What does it mean? Who knows.

Gone fishing.

Narrative requires dialogue. But what happens when your major scenes consist of a woman sitting alone in a cabin, staring out the window or humming along to the classical music she plays as she works? Once again, Harrington turned elsewhere for inspiration. He’d recently read Madeleine Blais’ book “In These Girls, Hope Is a Muscle,” an account of a high school basketball team that includes almost no “‘Blah, blah, blah,’ said so-and-so.” Newspaper-style attribution establishes an institutional voice and pulls readers away from the subject. Harrington wanted his audience as close to Dove as possible. So he stole Blais’ use of colons to mark off quotes, those that Dove gave directly and those he took from her journals. The result is internal dialogue that places the reader inside Dove’s cabin, and often all the way inside her head as she argues with and edits herself. This passage is like a miniature writing workshop:

“I’m a child again.” Too explanatory. The poem should have the feeling of childhood without needing to announce it.

“Catching my death of cold.” It goes on too long. This poem must be a collage of fleeting images, as in a dream. But Rita likes the line and would like to find a way to keep it.

“Moonlight cool as peaches.” She likes that line, too, may use it someday in another poem, but to mention food while in flight is too corporeal, too earthly. Still, she’ll leave it for now.

“In a nightshirt I’ve never seen before.” The image is too surreal, gives the sensation that the poem is a real dream rather than the sensation that it is like a dream.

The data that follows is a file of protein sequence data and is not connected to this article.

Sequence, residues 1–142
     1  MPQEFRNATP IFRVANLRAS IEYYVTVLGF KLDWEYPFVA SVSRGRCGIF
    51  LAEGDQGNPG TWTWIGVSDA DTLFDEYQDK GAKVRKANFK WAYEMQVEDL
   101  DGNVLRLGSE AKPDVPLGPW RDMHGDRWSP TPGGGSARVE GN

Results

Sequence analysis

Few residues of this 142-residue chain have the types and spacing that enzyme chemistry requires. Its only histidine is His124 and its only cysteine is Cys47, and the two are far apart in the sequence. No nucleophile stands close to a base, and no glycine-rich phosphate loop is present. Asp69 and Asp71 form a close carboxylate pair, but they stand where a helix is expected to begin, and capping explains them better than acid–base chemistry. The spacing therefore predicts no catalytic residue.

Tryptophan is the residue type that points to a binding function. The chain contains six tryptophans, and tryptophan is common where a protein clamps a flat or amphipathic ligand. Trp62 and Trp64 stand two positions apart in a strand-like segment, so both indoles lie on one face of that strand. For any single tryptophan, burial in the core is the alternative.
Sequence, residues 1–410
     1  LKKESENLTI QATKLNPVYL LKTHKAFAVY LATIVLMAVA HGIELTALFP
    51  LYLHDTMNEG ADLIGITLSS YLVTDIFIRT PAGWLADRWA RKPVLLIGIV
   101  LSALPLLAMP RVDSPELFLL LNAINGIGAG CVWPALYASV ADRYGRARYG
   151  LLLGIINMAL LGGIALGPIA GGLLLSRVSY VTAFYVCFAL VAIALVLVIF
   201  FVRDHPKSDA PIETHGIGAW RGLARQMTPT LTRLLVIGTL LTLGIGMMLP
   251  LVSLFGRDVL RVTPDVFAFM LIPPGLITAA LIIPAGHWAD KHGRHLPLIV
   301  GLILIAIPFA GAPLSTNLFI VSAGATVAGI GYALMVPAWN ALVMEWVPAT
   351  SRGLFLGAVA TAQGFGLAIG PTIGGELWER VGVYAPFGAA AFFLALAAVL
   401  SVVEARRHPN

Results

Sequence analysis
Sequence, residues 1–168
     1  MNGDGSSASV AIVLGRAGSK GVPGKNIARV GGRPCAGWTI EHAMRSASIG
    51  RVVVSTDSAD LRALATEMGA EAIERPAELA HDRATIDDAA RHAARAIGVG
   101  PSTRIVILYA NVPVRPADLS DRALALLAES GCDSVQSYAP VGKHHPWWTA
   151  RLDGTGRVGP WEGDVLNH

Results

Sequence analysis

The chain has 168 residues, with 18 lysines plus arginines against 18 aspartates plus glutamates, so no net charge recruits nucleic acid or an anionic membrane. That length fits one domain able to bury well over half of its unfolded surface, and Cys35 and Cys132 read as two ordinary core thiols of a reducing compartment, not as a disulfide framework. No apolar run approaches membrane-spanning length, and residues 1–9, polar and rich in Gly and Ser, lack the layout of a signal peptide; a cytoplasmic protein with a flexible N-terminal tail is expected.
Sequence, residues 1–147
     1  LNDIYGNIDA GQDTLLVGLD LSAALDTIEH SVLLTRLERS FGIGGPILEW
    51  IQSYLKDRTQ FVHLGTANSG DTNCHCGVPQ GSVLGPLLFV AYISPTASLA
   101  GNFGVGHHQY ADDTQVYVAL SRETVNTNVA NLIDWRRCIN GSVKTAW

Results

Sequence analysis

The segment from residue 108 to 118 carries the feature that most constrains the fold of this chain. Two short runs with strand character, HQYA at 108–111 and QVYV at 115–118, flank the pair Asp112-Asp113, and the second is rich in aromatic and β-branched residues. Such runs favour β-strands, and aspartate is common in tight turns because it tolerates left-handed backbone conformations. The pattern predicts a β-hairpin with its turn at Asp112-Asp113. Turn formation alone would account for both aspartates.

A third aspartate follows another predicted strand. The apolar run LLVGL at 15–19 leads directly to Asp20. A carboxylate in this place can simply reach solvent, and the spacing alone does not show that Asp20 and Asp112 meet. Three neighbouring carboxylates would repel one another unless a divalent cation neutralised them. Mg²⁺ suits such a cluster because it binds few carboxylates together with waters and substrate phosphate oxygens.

“I won’t look below.” Not believable. Her poem’s character wouldn’t need to remind herself not to look below at the world. She’s yearning to leave it behind − for a ride to the stars.

“Come here bed, I need you!” Wait, the poem is talking to Rita again: Its traveler is ambivalent about her journey. She craves the stars but, like a child, also the comfort of her bed.

“I don’t know my way back.” The word “back” is too narrow, too referential to the world. This traveler isn’t worried about the way “back,” but the way to the stars, the future, immorality.

“Garden of dreams, “purple petals,” “Happy landings.” “Yech!” “Awful!” “Disgusting!” But Rita doesn’t stop to change them. They are place holders for the poem’s cadence. New words will come.

Dove trusted that a combination of her own creativity and hard work − that line-by-line evisceration, performed again and again − would yield results, in this case 23 lines or 96 words of quiet beauty.

Harrington showed the same trust in his own process. He leaves Dove sitting in her cabin. She hears a dog bark, feels a breeze through the cabin window and enjoys another burst of inspiration, in this case the memory of a wisecrack her father once made to a gas station attendant.

Young Rita never forgot the baffled look on the attendant’s face.

Where are those few words she jotted? Ah, here they are:

Meek, this fallen leaf

reminds me of a word

my father used to say −

zephyr, tilting back to

gaze up under his brimmed fedora

as if to coax the air along

his brow: “What a lovely zephyr

today.” And the gas station

attendant scratched himself,

instantly ashamed

And once again, Rita steps out onto the lines …

You don’t have to love poetry to appreciate that.

Anna Griffin (@annargriff) is a columnist at The Oregonian and a Nieman Fellow at Harvard.

For more from our collaboration with Longreads and Alexis Madrigal, see the previous posts in the series. And stay tuned for a new shot of inspiration and insight every week.




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  1. [...] and photographer Judy Siviglia, and Siviglia acknowledged as much in the comments thread. Griffin is a former Nieman Fellow and narrative student. Reader No. 1, who raised the point about [...]